One can best understand Shakespeare's popularity by taking a few different points into consideration. Each of these points tells a similar tale of Shakespeare's popularity. Many people liked and enjoyed his plays, but like all entertainers, Shakespeare had some detractors as well.
One indication of his success would be the constant production of his plays. Shakespeare was born in 1564 and died in 1616. During that time, he had at least one play, if not more, in production every year from 1592 until 1613. In fact, because the dates for events in Shakespeare's life are fuzzy due to lack of written data, some scholars have speculated that he may have had plays in production even in the late 1580s as well.
Theaters showed performances of plays shortly after they were written. This means that Shakespeare constantly penned new material to entertain his public that eagerly attended his many performances.
Famous Actors of the Time
From 1594, only an acting troupe known as Lord Chamberlain's Men, later renamed King's Men, performed Shakespeare's plays. These men were some of the most famous stage actors at the time – and without their performance, Shakespeare’s plays may never have found their place in history. They include:
- Richard Burbage (1567-1619), known as a method actor, played the lead roles in many of Shakespeare's plays, including Hamlet, Othello, Richard III, and King Lear, as well as those written by Ben Jonson. He owned 25% of the Globe Theater after having helped tear down the old one and rebuild it.
- William Kempe (1560-1603) was an actor, dancer, and singer but was best known for his comedy work in Shakespeare's plays including the roles of Dogberry in Much Ado About Nothing, Falstaff in Henry IV, Peter in Romeo and Juliet, and Costard in Love's Labour's Lost.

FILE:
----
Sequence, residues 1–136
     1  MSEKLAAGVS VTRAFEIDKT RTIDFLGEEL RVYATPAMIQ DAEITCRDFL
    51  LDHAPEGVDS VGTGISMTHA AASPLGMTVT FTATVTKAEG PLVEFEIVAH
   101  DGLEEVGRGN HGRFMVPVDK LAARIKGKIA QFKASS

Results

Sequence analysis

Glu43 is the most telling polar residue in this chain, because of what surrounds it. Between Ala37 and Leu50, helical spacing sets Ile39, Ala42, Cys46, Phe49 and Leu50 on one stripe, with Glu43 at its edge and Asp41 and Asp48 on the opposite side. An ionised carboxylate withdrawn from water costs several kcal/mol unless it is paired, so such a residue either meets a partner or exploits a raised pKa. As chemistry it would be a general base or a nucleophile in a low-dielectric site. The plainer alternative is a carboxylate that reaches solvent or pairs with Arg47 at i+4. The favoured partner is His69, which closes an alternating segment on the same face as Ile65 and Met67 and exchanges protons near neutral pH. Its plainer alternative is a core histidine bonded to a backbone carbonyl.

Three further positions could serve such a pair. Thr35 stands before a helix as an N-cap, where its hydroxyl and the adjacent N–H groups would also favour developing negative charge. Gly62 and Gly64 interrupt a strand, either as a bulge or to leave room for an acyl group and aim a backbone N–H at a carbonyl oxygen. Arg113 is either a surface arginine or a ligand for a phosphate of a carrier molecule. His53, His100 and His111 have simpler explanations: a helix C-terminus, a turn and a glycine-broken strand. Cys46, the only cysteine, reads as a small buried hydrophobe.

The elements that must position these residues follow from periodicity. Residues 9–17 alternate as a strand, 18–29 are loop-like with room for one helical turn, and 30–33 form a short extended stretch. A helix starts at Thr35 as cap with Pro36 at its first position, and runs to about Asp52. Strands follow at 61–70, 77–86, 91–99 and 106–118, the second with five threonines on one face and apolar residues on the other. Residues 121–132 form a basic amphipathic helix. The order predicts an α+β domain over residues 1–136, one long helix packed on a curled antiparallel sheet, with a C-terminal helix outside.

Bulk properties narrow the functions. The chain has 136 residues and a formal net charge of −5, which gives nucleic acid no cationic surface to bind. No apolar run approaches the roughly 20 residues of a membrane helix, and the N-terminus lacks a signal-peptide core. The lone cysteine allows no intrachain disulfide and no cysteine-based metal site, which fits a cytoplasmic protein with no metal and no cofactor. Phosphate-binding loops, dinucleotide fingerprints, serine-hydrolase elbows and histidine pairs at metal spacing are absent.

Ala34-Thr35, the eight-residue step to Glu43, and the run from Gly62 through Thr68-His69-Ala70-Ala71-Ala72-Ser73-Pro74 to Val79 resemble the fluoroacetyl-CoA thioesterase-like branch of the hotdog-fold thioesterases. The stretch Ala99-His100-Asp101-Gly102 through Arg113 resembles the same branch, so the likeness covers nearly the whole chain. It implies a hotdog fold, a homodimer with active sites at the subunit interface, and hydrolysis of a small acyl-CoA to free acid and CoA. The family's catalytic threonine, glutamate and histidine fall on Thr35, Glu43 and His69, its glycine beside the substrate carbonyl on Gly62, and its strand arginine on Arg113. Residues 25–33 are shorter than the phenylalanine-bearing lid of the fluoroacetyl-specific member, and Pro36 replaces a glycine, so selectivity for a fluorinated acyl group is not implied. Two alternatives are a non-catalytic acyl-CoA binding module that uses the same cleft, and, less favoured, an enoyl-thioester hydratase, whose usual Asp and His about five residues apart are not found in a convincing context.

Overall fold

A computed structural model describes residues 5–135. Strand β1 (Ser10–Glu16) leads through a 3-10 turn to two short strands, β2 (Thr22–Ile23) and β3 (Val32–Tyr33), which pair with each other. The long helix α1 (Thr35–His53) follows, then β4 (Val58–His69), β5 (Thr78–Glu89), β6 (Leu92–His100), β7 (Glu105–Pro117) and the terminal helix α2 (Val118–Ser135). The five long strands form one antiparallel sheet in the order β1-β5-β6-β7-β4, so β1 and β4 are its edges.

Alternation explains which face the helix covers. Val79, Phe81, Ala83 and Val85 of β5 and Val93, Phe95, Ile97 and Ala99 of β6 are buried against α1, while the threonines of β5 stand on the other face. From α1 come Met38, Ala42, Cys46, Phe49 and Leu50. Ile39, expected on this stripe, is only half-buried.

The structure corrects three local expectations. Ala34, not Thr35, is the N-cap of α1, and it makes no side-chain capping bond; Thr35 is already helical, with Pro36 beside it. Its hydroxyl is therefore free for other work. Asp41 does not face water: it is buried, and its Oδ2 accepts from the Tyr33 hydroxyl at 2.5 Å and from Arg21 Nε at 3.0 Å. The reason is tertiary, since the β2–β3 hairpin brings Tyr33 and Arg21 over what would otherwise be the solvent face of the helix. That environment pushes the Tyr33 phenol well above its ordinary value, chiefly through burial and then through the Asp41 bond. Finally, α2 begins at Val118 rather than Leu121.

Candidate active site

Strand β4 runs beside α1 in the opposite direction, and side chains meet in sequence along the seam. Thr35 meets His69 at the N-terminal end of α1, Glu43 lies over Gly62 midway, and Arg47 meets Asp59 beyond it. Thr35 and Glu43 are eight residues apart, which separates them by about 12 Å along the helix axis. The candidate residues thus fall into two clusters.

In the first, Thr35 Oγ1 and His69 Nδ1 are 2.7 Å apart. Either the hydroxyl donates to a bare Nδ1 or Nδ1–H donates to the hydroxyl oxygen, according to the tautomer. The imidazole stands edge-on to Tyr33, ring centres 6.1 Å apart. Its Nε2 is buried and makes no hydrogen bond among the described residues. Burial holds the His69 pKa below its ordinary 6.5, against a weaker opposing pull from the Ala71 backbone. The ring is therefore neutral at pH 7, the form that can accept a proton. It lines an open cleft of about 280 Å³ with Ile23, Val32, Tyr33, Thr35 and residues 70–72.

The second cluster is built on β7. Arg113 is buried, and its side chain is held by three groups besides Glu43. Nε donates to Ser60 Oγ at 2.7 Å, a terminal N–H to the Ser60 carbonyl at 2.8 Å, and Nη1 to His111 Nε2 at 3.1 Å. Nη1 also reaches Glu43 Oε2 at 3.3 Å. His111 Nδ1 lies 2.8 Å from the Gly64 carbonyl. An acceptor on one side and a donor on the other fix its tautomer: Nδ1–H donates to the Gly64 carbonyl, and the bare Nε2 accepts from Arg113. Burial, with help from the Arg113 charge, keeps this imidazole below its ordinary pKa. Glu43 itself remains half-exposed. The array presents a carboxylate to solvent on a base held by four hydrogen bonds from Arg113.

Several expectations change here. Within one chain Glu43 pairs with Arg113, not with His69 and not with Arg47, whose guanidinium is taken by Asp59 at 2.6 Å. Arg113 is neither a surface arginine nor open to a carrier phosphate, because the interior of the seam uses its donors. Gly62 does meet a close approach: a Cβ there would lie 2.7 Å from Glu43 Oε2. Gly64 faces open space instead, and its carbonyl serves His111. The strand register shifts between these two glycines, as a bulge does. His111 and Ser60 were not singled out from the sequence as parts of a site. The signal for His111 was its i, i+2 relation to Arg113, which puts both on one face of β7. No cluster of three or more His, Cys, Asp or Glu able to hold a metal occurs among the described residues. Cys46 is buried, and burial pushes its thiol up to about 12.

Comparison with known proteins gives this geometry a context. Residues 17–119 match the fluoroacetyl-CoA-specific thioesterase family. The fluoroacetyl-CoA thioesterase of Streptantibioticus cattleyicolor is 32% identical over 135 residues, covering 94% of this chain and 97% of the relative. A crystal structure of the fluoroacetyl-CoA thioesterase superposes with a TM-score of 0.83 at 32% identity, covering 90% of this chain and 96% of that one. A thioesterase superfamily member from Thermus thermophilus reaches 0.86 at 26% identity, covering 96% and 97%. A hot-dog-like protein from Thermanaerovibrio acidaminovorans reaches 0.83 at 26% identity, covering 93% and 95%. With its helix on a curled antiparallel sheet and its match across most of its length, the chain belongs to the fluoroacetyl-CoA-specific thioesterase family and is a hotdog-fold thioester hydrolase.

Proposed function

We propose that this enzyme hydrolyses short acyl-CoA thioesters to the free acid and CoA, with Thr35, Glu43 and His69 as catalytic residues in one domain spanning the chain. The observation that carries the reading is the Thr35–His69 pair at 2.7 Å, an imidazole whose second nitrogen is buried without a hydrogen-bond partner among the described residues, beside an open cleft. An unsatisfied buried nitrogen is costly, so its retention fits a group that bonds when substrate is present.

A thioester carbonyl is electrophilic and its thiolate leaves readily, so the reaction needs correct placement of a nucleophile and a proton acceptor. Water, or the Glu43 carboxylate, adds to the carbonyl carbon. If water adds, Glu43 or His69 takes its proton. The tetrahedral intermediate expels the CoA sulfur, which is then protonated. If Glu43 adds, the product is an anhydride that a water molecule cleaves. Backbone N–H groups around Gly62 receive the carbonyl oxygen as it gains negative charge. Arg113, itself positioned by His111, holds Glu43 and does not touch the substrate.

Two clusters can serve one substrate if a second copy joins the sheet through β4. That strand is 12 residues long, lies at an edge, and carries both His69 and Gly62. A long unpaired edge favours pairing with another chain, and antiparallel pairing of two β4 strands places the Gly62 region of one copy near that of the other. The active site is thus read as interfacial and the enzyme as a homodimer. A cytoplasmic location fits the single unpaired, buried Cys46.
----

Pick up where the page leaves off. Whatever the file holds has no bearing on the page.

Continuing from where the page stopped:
- Henry Condell (1568-1627) was one of the 26 actors known to have been in the troupe. He co-owned the Globe Theater with John Heminges and helped edit and publish Shakespeare's First Folio without the permission of Shakespeare himself.
- John Heminges (1556-1630) was also one of the actors in the troupe. With Condell, he co-owned the Globe Theater and helped him edit and publish Shakespeare's First Folio.
Entertainment and Audience
Actors built the Globe Theater themselves. A dispute with the owners of the previous land where the theater was located caused many of the acting company to tear down pieces of the theater and reconstruct it on the Thames River. Circular in shape, the theater accommodated patrons from the lowest tier, who paid a penny and sat on the floor, to the highest tier, who paid more and sat in balconies.
Shakespeare chose many themes for his plays that would entertain audiences compared to some other plays of the day based on morality issues. Shakespeare wrote primarily comedies in his early career, then his tragedies, followed by his tragicomedies or romances. By producing good writing on topics of interest to people, Shakespeare had many loyal fans.
Like many people in entertainment, Shakespeare had his share of unhappy critics.
- One notable critic of Shakespeare was Robert Greene. He called Shakespeare "an upstart crow."
- Critic and famous writer Samuel Pepys disliked Shakespeare's play A Midsummer Night's Dream, calling it "insipid [and] ridiculous."
- French philosopher Voltaire was also known to have taken shots at Shakespeare, calling him a "drunken savage" and "great fool."
However, Shakespeare's plays spoke to the common man by tapping into the ideas and interests shared by many. Since his death, Shakespeare has continued to inspire many people who read his work.
An Unrivaled Master
Love him or hate him, it's easy to make the case that Shakespeare was one of the greatest writers the world has ever known. Not only did he pump out an enormous volume of writing, but he also wrote plays that the crowd adored.
Would you believe he didn't stop with this massive list of plays? He was also a masterful poet. Shakespeare is renowned for having mastered the art of the sonnet. Whether you go on to enjoy his plays or his sonnets – or both – learn more about Shakespearian language with a Shakespeare translator. It'll help you transport back to a world where you could attend a play for a penny.